Coconut Rice Noodles with Shrimp & Pineapple via ATK Cooking For Two
We all know the saying “The quickest way to a man’s heart is through his stomach”. This can also be a fairly speedy route to the female heart as well. Staying in and making your date dinner (or making it together) rates high on the romance scale. You get to show off your creativity and appreciation for nuance and details, even if it’s a simple dish. It’s no different from putting an outfit together. That’s what this series is all about. She or he will be left impressed, and you won’t need the skills of Wolfgang Puck.
- Familiar Ingredients: vegetable oil, brown sugar, shrimp, pineapple, snow peas, lime juice, cilantro
- Not So Familiar Ingredients: rice vermicelli, Thai chili (but serrano or jalepeno can replace it), Thai green curry paste, fish sauce, light coconut milk. If you cook a lot of Thai food, these ingredients should be very familiar.
- Number of Pans/Pots you’ll need to make this dish: One large cast iron or non-stick skillet, and one large bowl to let the rice noodles soak in.
Many of you are probably familiar with Cook’s Illustrated. Even if you’ve never picked one up, you’ve likely seen it. A fairly basic publication to look at from the outside, and even quickly paging through, but the genius of Cook’s Illustrated is in the detailed explanations, often scientific, on technique and ingredients. They’re not just telling you to make something, they’re telling you why their way is the best way to make it. Enter America’s Test Kitchen, the television counterpart to Cooks’s Illustrated. Christoper Kimball (he started the empire) and crew create half hour episodes of cooking, product, and ingredient testing. America’s Test Kitchen also puts out cooking publications, and that’s where this current recipe was sourced from. There’s not a link online for it, so you can find the full recipe at the bottom of this post (and in this book). But first, a few notes about the ingredients…
Delicious and light, a great late summer meal
Rice Vermicelli - These are just super thin rice noodles. In the package it looks even thinner than angel hair pasta. Brands like Thai Kitchen say “vermicelli style” right on the package, and you should be able to easily find it in the Asian section of your local grocery store.
Thai Green Curry Paste - Another product you should have no problem finding in the Asian foods aisle of your local grocery store.
Thai chili – Your local grocer may or may not carry this type of chili, but if you have an Asian market with a produce section near you, they are almost guaranteed to have it. I opted to do one stop shopping for this recipe, so had to substitute a serrano pepper. One important note about prepping the pepper, I HIGHLY recommend using gloves. Normally I play with fire, and chop hot peppers glove-less, hoping to god I don’t rub my eyes before the pepper oils have come off my fingers. But on date night? The last thing you want is to be in the midst of a romantic dinner, reach up to touch your eye (or brush hair out of your date’s), and get capsaicin in an eyeball. No bueno. Unless your date digs the “pink eye” look, and you have an affinity for pain. And one final note about the pepper, remove the seeds and just toss them. According to the recipe you can add extra heat to the dish by using some of the seeds, but if you don’t know whether your date likes spicy foods, just avoid the seeds altogether. You can always add extra spice to yours with Siracha or red pepper flakes once you’ve dished up.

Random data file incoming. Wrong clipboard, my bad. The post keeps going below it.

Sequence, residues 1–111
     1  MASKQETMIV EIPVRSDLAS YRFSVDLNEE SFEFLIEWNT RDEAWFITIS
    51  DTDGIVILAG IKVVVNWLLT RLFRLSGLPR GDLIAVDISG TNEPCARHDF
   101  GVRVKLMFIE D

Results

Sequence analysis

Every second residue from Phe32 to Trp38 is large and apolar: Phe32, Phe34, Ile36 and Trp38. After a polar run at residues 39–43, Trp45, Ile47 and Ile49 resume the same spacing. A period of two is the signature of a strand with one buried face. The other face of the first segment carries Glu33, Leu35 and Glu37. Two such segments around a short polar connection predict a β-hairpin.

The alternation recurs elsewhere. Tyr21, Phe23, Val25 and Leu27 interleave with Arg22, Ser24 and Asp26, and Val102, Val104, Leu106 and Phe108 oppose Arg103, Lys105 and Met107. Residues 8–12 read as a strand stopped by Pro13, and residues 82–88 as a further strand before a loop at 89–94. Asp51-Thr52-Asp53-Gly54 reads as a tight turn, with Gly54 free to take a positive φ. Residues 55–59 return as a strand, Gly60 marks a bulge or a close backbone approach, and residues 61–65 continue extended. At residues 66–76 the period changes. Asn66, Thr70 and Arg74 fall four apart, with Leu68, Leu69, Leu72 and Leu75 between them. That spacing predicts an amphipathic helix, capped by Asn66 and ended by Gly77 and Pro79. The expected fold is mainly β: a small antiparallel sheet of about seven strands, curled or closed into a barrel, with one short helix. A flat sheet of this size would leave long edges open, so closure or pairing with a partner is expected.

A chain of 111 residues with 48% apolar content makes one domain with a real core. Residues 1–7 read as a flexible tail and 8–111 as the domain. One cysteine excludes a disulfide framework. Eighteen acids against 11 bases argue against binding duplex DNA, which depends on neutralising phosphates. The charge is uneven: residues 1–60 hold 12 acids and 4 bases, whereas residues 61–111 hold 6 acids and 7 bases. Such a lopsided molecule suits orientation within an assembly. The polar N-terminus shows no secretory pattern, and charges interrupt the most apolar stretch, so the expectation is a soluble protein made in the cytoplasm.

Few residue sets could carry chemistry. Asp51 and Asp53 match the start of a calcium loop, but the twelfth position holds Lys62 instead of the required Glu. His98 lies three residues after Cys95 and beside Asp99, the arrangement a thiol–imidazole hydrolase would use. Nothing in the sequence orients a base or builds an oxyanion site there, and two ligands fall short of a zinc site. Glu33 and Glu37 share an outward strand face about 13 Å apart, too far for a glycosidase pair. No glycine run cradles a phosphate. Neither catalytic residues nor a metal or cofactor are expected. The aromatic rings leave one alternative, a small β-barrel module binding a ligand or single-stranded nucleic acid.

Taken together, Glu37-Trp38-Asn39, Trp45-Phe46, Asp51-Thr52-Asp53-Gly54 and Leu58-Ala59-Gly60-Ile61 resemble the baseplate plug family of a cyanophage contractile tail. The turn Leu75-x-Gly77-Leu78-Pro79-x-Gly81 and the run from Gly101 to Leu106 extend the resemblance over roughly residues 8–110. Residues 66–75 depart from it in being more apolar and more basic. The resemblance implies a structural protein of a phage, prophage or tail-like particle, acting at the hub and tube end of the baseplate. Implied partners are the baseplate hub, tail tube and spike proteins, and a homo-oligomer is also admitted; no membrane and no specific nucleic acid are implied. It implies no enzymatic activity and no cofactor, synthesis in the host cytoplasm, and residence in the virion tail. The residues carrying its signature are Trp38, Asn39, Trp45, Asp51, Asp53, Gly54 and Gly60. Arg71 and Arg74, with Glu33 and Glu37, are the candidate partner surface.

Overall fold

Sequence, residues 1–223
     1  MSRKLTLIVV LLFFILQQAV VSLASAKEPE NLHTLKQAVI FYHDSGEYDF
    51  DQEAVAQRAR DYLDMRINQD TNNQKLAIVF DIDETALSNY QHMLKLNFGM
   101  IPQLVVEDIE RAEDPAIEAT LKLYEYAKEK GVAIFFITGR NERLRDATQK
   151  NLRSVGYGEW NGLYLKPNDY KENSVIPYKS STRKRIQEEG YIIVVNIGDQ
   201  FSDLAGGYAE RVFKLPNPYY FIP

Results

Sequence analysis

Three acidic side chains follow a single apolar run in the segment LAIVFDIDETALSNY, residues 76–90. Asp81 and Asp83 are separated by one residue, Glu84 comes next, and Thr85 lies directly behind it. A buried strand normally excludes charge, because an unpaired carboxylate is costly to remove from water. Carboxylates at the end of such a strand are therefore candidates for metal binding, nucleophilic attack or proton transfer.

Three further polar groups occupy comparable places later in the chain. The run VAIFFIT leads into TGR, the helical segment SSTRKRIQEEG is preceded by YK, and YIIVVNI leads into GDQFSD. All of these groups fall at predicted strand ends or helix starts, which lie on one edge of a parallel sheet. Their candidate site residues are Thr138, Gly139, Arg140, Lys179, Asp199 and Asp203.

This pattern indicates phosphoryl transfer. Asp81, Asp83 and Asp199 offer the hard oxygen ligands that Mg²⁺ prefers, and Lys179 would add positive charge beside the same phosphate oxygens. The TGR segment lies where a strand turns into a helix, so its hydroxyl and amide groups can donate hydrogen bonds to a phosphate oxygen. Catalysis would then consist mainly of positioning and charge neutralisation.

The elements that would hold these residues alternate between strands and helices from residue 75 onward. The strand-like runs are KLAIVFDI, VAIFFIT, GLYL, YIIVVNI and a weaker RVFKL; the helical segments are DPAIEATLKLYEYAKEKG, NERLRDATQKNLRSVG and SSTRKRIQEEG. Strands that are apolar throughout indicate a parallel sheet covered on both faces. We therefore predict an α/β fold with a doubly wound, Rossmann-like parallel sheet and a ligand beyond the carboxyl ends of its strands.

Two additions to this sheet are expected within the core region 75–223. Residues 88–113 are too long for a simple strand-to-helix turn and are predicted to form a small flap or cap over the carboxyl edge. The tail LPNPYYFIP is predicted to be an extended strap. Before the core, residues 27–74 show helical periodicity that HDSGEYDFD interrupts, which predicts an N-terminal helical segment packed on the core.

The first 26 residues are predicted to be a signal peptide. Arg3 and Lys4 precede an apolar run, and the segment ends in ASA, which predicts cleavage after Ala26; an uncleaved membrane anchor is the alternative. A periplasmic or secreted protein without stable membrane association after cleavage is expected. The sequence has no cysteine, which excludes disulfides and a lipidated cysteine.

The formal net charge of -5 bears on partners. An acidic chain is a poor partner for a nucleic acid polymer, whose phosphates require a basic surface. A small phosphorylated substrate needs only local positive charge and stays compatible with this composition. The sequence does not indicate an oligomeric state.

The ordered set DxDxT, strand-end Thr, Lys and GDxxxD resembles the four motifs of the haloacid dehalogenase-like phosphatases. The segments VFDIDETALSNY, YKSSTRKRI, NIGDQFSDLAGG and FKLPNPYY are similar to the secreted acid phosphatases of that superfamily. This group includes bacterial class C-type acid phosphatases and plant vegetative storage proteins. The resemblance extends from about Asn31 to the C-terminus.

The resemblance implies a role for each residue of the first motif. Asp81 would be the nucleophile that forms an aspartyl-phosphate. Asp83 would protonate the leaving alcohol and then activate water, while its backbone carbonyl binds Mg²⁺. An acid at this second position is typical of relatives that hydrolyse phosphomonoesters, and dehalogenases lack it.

Final Note: Don’t replace ingredients in this dish. Keep the noodles vermicelli style, keep the coconut milk light, don’t futz with it. America’s Test Kitchen already did that, and this is the best way they found to prepare the dish. And the dish is quite delicious, very bright and perfect for summer. The final forward taste is citric, since the lime juice is added at the very end, so I’d opt for an easy drinking white wine, like a pinot gris or grigio, or even prosecco or champage (as long as it’s not TOO dry).
Coconut Rice Noodles with Shrimp and Pineapple
4 ounces rice vermicelli
1 tablespoon vegetable oil
1 tablespoon Thai green curry paste
1 Thai, serrano, or jalapeno chile, stemmed, seeds reserved, and minced
4 teaspoons fish sauce
1½ teaspoons packed dark brown sugar
1 (14 ounce) can light coconut milk
6 ounces medium-large shrimp (14 or so), peeled, deveined, and tails removed
1 cup ½-inch pineapple pieces
3 ounces snow peas, strings removed, halved crosswise on bias
1½ teaspoons lime juice
2 tablespoons minced fresh cilantro
1. Cover noodles with very hot tap water in large bowl and stir to separate. Let noodles soak until softened, pliable, and limp but not fully tender, about 20 minutes; drain.
2. Cook oil, curry paste, and Thai chili in 12-inch skillet over medium heat until paste begins to sizzle and no longer smells raw, about 2 minutes. Stir in fish sauce and sugar and cook for 1 minute. Stir in coconut milk and simmer until thickened, about 8 minutes.
3. Gently stir in shrimp, pineapple, and snow peas and cook until shrimp are just opaque, about 3 minutes. Stir in drained noodles and cook, tossing gently, until shrimp are cooked through and noodles are well coated, 2 to 3 minutes. Off heat, stir in lime juice. Sprinkle with cilantro and serve.
Sarah is a self proclaimed foodie and regular contributor to fullclutch.com. It’s been at least a year since she got capsaicin in her eyes. And no, she was not pepper sprayed. For more MIFYD posts, click here.